Friday, January 28, 2005

"Love Your Enemy"

Dom Crossan includes that phrase, in just those words, in The Essential Jesus, his collection of what he considers the "original sayings" of Jesus of Nazareth. How he came to choose them, and to render them, is another matter. But his comment on it is instructive.

We sometimes think of this admonition as primarily internal and emotional. Jesus' first audience heard it especially in terms of attitude and action, in terms of treating enemies as if they were friends, strangers as if they were kin, opponents as if they were family. That did not mean external action as distinct from internal attitude but simply placed emphasis on the former rather than the latter.
John Dominic Crossan, The Essential Jesus (New York: HarperSanFrancisco, 1994, p. 163)

Think of it in terms of the rebels who brought doom upon Jerusalem. Considering Rome their enemy, they struck at Rome; which struck back, and destroyed the city, and changed Jewish history forever (in fact, some scholars see it as the end of Hebraism and the creation of Judaism). But what enemy did they hate? Caesar? Did Caesar even know they existed, except as a threat to the Pax Romana?

How do you hate an enemy you have no personal relationship with? What you hate, what you oppose, is an abstraction, not flesh and blood. When someone follows a celebrity around excessively, we don't say that person is in love, we say they are delusional. They love the idea of the celebrity, not the person herself. When we say we "hate" our political opponents, are we describing an external action, or an internal attitude? Can I act out my anger at a politician? Does the action have any meaning?

Conversely, can you love a politician? A person, perhaps, but an idea? What relationship do I have with that idea, and who is in charge of it? Me? or the idea? Can I love someone I do not know? How do I love without any personal relationship at all? If I say I love a celebrity, I am either a child, or a deluded person. If I say I hate them, I am placing myself at the center of existence, and insisting that only what I think is important.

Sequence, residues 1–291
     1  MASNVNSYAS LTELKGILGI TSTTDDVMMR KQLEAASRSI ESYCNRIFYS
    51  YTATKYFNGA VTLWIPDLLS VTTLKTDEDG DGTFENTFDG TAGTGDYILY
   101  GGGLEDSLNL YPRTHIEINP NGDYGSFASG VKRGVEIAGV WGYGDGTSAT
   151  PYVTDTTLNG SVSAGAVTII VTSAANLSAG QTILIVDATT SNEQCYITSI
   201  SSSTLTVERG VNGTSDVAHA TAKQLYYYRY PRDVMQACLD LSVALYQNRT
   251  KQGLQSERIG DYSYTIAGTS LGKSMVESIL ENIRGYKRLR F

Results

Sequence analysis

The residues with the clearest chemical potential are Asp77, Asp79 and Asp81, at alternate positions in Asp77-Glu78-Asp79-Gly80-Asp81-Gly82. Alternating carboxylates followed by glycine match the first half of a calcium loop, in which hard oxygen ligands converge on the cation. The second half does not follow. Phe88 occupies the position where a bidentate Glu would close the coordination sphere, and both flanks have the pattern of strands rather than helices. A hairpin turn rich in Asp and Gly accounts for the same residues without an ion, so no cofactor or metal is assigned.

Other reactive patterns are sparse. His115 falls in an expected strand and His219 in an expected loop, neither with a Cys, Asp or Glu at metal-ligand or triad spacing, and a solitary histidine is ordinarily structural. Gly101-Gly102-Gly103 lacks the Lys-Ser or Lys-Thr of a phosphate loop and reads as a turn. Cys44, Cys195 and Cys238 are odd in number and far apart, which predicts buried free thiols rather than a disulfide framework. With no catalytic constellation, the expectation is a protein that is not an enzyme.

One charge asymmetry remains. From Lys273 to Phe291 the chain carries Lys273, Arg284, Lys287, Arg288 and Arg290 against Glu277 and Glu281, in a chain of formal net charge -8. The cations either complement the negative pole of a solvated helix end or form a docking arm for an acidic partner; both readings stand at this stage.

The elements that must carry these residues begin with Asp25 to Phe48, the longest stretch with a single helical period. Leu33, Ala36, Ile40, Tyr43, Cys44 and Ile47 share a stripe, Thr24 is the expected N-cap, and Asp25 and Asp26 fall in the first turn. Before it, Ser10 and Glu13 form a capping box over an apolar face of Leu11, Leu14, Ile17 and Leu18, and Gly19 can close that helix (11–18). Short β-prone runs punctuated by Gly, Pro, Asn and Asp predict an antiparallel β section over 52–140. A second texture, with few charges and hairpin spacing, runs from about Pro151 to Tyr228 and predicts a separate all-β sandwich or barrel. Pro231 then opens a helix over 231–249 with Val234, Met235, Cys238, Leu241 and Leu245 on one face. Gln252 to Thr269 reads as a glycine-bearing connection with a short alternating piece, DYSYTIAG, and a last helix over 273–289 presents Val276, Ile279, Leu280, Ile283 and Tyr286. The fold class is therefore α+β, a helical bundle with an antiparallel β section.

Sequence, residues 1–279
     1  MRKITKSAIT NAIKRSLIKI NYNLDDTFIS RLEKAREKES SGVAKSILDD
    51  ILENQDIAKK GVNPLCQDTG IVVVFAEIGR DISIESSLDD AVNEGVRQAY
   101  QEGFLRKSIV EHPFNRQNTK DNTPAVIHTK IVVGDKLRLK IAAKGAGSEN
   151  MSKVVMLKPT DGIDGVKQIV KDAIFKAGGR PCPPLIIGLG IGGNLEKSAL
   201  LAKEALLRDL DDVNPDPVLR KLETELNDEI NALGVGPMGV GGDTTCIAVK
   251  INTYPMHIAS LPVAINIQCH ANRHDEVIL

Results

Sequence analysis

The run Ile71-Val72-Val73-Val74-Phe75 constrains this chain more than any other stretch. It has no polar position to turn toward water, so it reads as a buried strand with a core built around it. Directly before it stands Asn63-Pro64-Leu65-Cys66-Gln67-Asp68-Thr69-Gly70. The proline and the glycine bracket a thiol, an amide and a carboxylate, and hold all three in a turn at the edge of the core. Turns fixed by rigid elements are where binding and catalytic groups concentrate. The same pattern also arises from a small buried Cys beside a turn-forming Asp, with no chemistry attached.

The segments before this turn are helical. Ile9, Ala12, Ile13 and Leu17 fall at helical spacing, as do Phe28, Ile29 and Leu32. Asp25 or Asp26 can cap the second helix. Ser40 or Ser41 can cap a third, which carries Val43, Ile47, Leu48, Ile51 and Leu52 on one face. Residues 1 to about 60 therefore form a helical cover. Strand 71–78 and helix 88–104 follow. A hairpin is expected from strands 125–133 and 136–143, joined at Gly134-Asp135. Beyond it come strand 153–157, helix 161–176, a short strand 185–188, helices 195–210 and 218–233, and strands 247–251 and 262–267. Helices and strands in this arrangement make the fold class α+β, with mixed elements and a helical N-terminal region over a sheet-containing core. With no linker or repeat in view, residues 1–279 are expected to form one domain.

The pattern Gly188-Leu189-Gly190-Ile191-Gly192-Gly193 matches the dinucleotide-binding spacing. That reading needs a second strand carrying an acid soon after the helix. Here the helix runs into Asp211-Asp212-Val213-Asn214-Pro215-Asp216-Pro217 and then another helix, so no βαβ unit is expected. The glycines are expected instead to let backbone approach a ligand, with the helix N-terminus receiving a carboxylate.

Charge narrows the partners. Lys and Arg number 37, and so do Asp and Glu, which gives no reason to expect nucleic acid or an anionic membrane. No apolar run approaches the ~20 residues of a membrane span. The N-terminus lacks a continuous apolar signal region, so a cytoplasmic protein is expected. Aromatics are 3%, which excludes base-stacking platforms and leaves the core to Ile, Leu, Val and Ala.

The issue of center and boundaries and power and powerlessness are all of a piece, and all to be seen here. "Love your enemies"? That would require action, not attitude. I cannot love those whom I do not know. I can hate; but that is impotent, because hate is about power, about action, about exerting my influence over another. If love is patient, and kind, and endures all things, and hopes all things, and believes all things, then love is about powerlessness, and I cannot exert it over another, especially over one I do not know. Love is about the other, not about me. Hatred focusses on me, on my wants, my desires, my ability to gain power over another. Love focusses outward, but needs an object, needs a reciprocation, abhors a void. Loving an idea is trying to love the void. Hating an idea is simply trying to feed my ego, to convince myself of my own importance.

"Love your enemy." You first have to know who your "enemy" is; and who it cannot be.

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